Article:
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Strong Immunity September: Eat Nutrient Dense Food to Boost Immunity

Lifestyle & Wellness | Facebook Live Recap

It's Strong Immunity September, and we're focusing on what we can do to boost our immune systems and improve our immunity against COVID-19 (and all viruses). This week, Richmond health coach Lindsey Patton is discussing how diet and nutrition can boost your immune system, specifically by eating nutrient dense foods. Watch the video below and read on for the full recap. 

What are nutrient dense foods? 

Eating foods that are high in nutritional density can help boost your immune system against all viruses, including COVID-19. 

By definition, foods that are nutrient dense are ones that are relatively low in calories but pack a lot of healthy fats, protein, vitamins, and minerals. Usually, they are low in carbohydrates. On the flip side, we have empty calories, a term I'm sure you've heard before. These are your cookies, cakes, candies, sugary drinks, etc. These types of food are high in sugar and add no nutritional value to our bodies.

How do they boost our immune systems? 

Empty calorie foods taste good, sure, but they are addictive and cause inflammation in our bodies, which make us more prone to disease and sickness, such as COVID-19. Nutrient dense food, however, reduce your inflammation and, because they are often natural and whole foods, give your immune system the tools it needs to operate at high efficiency. 

What are some examples of nutrient dense foods vs. non-nutrient dense foods? 

When it comes to choosing your foods to improve COVID-19, look for whole foods with low carbohydrates, a good amount of protein, and a low amount of added sugars (preferrably none). Here are a few examples of good choices and bad choices. 

  • Good choice: A package of spicy, chunk guacamole. It has 70 calories, no cholesterol, 1g of saturated fats, 5g of carbs, and there is no added sugars. That added sugar is what is going to cause inflammation. 
  • Bad choice: Blood-orange, non-alcoholic ginger beer. This is an example of a sugary drink that would be more of an empty calorie option. Just one can of this ginger beer has 35g of carbohydrates. It also has 30g of total sugars, including 29 of them that have been added. That's just added inflammation, which makes us susceptible to illness. Even choosing a diet option for this would be a better choice.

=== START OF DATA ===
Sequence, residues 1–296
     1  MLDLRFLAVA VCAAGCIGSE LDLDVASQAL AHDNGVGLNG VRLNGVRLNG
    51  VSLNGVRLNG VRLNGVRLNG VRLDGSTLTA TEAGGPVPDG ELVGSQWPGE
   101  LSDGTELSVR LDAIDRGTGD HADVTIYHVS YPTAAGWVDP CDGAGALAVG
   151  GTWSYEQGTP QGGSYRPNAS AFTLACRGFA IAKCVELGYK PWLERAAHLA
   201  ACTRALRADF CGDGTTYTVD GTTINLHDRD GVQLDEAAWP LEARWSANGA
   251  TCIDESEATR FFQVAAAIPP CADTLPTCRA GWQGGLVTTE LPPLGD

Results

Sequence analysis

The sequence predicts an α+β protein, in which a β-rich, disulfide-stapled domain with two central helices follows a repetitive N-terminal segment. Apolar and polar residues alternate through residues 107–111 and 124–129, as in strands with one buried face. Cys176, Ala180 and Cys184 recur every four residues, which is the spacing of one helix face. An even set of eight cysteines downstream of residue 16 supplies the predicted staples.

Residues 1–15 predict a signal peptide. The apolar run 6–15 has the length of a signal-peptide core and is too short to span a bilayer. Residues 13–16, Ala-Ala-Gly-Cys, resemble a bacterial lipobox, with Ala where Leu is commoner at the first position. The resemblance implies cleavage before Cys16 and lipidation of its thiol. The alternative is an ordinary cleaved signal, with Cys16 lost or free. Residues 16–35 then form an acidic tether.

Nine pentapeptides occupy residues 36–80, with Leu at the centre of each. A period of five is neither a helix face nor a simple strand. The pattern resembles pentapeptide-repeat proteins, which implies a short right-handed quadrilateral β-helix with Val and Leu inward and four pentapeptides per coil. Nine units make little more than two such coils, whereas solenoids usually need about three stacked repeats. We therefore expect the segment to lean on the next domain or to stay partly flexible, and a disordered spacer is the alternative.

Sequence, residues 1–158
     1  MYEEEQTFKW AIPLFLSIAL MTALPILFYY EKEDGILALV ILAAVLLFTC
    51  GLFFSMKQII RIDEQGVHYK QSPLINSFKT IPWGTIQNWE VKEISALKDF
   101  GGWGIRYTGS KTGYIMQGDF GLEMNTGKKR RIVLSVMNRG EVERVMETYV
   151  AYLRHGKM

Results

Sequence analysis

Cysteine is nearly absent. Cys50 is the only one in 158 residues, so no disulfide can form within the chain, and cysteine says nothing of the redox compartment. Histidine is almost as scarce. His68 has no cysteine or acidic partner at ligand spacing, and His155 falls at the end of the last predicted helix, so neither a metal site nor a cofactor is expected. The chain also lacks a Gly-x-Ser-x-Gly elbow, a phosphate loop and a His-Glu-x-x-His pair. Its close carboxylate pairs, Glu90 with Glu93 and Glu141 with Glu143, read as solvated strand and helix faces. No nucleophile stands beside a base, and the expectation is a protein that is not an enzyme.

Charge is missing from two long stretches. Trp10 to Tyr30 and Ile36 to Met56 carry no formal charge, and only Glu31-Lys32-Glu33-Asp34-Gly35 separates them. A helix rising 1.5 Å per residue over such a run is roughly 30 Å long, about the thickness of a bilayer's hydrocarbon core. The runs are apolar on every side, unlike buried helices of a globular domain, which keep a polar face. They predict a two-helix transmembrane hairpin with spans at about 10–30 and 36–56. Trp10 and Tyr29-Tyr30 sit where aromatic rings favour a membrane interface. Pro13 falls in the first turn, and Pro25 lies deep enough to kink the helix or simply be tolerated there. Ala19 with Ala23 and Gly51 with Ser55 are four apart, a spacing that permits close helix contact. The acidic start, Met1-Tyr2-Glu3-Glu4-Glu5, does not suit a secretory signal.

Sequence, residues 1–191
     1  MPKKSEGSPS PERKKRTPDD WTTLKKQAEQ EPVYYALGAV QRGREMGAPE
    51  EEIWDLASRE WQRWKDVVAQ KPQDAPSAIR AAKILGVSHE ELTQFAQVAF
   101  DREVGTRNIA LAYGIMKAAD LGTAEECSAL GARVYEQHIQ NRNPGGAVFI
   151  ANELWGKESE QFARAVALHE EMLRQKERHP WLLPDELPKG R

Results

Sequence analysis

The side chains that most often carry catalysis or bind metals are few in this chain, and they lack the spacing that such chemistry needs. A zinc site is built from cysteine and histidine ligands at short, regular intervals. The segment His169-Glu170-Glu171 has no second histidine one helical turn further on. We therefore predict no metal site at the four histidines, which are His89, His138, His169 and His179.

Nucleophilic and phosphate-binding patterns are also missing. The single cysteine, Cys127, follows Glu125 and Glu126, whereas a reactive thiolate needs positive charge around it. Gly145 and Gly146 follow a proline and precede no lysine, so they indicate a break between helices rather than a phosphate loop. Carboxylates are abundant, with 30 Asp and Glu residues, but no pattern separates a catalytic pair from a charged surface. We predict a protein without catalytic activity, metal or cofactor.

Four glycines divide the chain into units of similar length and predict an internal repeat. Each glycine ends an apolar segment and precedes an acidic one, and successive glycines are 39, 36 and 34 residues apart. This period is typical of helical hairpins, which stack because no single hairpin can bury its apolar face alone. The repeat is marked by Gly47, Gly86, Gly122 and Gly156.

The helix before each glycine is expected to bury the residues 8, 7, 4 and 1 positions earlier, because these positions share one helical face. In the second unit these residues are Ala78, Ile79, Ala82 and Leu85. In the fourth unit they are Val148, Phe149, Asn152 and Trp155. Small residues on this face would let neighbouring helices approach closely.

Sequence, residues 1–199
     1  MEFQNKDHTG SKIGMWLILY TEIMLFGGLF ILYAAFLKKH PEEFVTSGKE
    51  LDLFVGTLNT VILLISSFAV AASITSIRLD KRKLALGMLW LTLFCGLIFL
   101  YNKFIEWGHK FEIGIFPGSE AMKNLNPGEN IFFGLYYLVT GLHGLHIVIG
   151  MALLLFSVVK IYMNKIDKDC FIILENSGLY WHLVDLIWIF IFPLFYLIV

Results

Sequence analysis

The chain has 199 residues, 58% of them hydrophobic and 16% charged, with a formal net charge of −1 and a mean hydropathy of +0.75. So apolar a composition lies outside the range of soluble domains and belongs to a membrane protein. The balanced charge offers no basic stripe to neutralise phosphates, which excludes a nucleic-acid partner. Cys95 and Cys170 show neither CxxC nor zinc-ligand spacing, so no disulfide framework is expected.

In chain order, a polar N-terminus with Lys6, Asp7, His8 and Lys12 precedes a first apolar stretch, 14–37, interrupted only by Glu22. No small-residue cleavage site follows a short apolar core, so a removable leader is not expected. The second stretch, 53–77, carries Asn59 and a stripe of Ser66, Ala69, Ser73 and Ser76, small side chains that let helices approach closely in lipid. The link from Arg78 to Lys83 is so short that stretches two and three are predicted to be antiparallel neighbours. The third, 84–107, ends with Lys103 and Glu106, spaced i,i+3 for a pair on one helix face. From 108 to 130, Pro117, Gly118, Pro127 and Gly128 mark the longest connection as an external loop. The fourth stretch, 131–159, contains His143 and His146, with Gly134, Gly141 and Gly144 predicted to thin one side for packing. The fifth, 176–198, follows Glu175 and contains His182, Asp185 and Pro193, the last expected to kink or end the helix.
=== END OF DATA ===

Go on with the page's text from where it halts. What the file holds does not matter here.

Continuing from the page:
• Bad choice: Girl scout cookies, specifically thin mints. These have 22g of carbs for every four cookies. We all know we can eat more than four of these in one sitting easily. In addition, they have have 10g of total sugars, and all of them are added sugars. These are addictive because of the sugar content. In terms of boosting your immunity, choose foods that are whole foods. 
  • Good choice: Eggs. One egg has 6g of protein, which is a lot for a typically sized egg. They also have 0 carbs and 0 sugars, with just 5g of fat. Natural fats like this help keep you full longer, which helps limit snacking on empty calories.
  • Bad choice: Bob's Red Mill Protein Bar. If you look at the marketing specifically, it says it is naturally flavored, non-GMO, gluten-free, and whole grain. If you solely looked at the front, you would think this is a good choice. However, looking at the label, one of these protein bars has 28g of carbohydrates, which is certainly high. If you're following a low-carb diet, which is under 100g of carbs per day, this would represent a 1/4 of your carb intake with just one small bar. Also, look at the ratio of sugars to protein. This bar has 11g of sugar (9 of which are added sugars) and only 7g of protein. 7g of protein might sound decent, but when there is more sugar than protein, it becomes not the best chance.
  • Good choice: Cottage cheese. This one in particular is a low-fat option. It is ok to have a full-fat cottage cheese, because it will keep you full longer. However, remember fat should just be a tool to eat until you are full. You don't want to overeat fat, because that will increase your weight and your BMI and make you more susceptible to illness. This cottage cheese has 5g of carbs, which is nice and low. It has 13g of protein with 4g of sugar, but none of that is added sugar, so you can consider it natural. 

Join me for a Live Q&A on Thursday at 1:00 p.m. on our Facebook page. Feel free to leave any questions in the comments ahead of time and I'll be sure to answer them on Thursday! Don't have Facebook? You don't need to account to watch on Thursday, but you won't be able to interact live. As always, we'll post a recap after the video as well. Find all of our Strong Immunity September content here.